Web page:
Why Injustice to Himanshu Kumar Will be Exceptionally Harmful for Democracy

himanshu kumar

The case of social activist Himanshu Kumar is attracting widespread concern as it is widely believed that something exceptionally unjust has happened, even when judged by recent standards.

To capture the events so far very briefly, as a social activist working in Dantewada, Chattisgarh, Himanshu Kumar petitioned the Supreme Court in 2009 ( with co-petitioners) regarding an independent inquiry into the  killings of members of tribal communities that had taken place in the area of his work. In a judgment dated 14 July 2022 the court while rejecting the petition imposed a fine of Rs. 5 lakh ( half a million) on Himanshu Kumar and gave guidelines his further prosecution.

This must be seen in the context of the widely and sincerely believed perception in civil society circles regarding the work of Himanshu Kumar. His father was a dedicated freedom fighter ad drawing inspiration from him and Mahatma Gandhi, he made a brave decision in the prime of his youth to devote himself to the service of his country. He decided further to work in a place where challenges are exceptionally difficult. After their marriage, around 1992, both he and his wife shifted to Dantewada to work with tribal communities.

From all accounts they worked with a lot of dedication and commitment, thereby winning the trust of tribal communities. The initial interventions were in the form of more routine ones like improvement of schools and public distribution system, but soon they got caught up in much more difficult issues, largely due to the wider reality of what was happening in that area.

This region was seeing escalating tensions due to two factors which were inter-related at some points. Firstly there were large-scale efforts at land grab for exploiting the rich mineral resources of the wider region, involving very resourceful corporations who had government support. Secondly, there was the escalating conflict between Naxalite militants and security forces. The Naxalite militants claimed to be protecting tribal interests using violent means but their own conduct had been controversial and questionable on several occasions. The ordinary tribal communities were caught between the increasing violence of the security forces on the one hand and the Naxalites on the other hand. The security forces had started resorting to forced resettling of tribal communities with the help of hastily raised militias which often adopted cruel and illegal methods in the name of checking the spread of Naxalism.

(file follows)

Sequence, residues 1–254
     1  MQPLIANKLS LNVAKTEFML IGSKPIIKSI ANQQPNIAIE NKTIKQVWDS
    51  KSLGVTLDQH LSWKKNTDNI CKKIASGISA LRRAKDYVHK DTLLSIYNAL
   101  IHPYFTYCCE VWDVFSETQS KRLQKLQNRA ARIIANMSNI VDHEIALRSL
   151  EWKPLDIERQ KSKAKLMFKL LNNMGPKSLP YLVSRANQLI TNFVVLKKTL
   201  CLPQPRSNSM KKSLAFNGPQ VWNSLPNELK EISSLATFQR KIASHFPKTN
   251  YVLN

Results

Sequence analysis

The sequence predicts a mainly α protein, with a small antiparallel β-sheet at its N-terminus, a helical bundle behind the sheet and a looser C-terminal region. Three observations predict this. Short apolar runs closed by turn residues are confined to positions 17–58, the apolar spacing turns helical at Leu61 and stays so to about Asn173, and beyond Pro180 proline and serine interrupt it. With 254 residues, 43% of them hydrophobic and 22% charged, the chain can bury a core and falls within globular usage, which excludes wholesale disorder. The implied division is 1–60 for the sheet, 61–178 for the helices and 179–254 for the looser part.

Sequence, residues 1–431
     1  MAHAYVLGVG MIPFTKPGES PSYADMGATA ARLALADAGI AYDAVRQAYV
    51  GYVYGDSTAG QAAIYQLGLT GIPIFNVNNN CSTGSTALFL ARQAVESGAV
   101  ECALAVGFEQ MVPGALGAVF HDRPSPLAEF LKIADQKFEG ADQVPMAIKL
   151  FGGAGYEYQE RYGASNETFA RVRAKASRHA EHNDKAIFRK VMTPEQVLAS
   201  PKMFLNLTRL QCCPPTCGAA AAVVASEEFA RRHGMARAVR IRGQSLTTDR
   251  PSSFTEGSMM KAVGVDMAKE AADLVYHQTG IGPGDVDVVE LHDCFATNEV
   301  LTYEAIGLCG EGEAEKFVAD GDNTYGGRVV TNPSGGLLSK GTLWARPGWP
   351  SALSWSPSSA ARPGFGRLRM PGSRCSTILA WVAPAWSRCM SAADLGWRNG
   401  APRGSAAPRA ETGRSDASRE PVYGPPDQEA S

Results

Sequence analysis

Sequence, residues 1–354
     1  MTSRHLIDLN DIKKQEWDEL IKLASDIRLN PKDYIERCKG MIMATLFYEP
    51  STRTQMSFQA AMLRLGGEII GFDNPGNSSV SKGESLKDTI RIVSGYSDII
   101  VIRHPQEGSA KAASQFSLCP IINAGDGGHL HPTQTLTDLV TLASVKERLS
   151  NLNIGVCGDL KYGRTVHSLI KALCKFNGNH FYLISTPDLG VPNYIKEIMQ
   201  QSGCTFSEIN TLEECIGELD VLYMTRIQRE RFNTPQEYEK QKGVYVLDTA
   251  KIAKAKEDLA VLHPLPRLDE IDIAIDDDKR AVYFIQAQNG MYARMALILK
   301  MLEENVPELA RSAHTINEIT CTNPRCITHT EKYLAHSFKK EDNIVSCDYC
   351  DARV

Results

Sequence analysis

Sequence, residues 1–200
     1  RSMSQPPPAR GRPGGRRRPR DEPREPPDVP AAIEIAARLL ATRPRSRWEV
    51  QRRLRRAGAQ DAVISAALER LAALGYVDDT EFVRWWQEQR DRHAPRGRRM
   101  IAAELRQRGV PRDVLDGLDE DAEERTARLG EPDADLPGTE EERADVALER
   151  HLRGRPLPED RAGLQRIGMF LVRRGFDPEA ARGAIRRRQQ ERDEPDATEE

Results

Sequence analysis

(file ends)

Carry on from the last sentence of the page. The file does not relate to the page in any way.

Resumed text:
It is in these cross-currents of violence that Himanshu Kumar, his companions and villages whom they served were caught.  Himanshu tried his best to resist forced evictions from ancestral tribal villages. He took a determined stand to save at least a few villages, within the limits of his capabilities. Few will deny that these steps taken up in very hostile conditions were exceptionally brave and involved very high levels of commitment to the cause of tribal communities.

But these efforts could not last for too long against the much more powerful forces which were at work here. At some stage, several tribals close to Himanshu’s own area of work were killed and Himanshu’s own place of work was demolished too. As he had been earlier engaged in taking legal aid to the poorest people of the area, a work linked at least indirectly to the Supreme Court’s own earlier initiatives, it came easily to his mind that he should seek justice for very badly victimized tribal families from the Supreme Court and hence with other co-petitioners from the area he filed a petition before the Supreme Court.

Now the question is—when in a case involving human lives a judgment comes after 13 years and then too not only to dismiss the petition but to also impose a fine of Rs. 5 lakhs on the main petitioner and to issue directions on how to prosecute him further, then what message goes to people regarding justice, democracy, and human rights? This together with the earlier verdict on Teesta Setalvad has already made people extremely wary of approaching courts for protecting public interest and justice on crucial issues, a possibility on which senior jurists and former judges have also commented with increasing concern.

Those opposed to Himanshu Kumar may question the widespread perception of him as a peaceful activist of exceptional courage and commitment, but if this is to be the basis of any judgment or legal action against him, then this can be only done on the basis of an impartial investigation in which he and those who have known him and his work closely and favorably for a long time should also be given a chance to speak freely. The investigation report giving these views as well as the evidence, if any, which convincingly negates these views of many credible persons, should be in the public domain and open to public comment and public scrutiny. In the absence of such an exercise, widespread perception continues to exist regarding Himanshu being pushed towards a very unjust situation. If a Gandhian activist who acted with such courage and commitment to help the poorest and those caught in most difficult situations has to suffer in this way then, apart from the extreme distress suffered by him and his near and dear ones, what is the message that goes to the rest of the society? That there is no room for this kind of work, for uncompromising pursuit of justice with peace? If such a message is indeed being sent, then what are its implications for democracy and human rights in India?

Bharat Dogra is Honorary Convener, Campaign to Save Earth Now. His recent books include A Day in 2071, Planet in Peril and Protecting Earth for Children.

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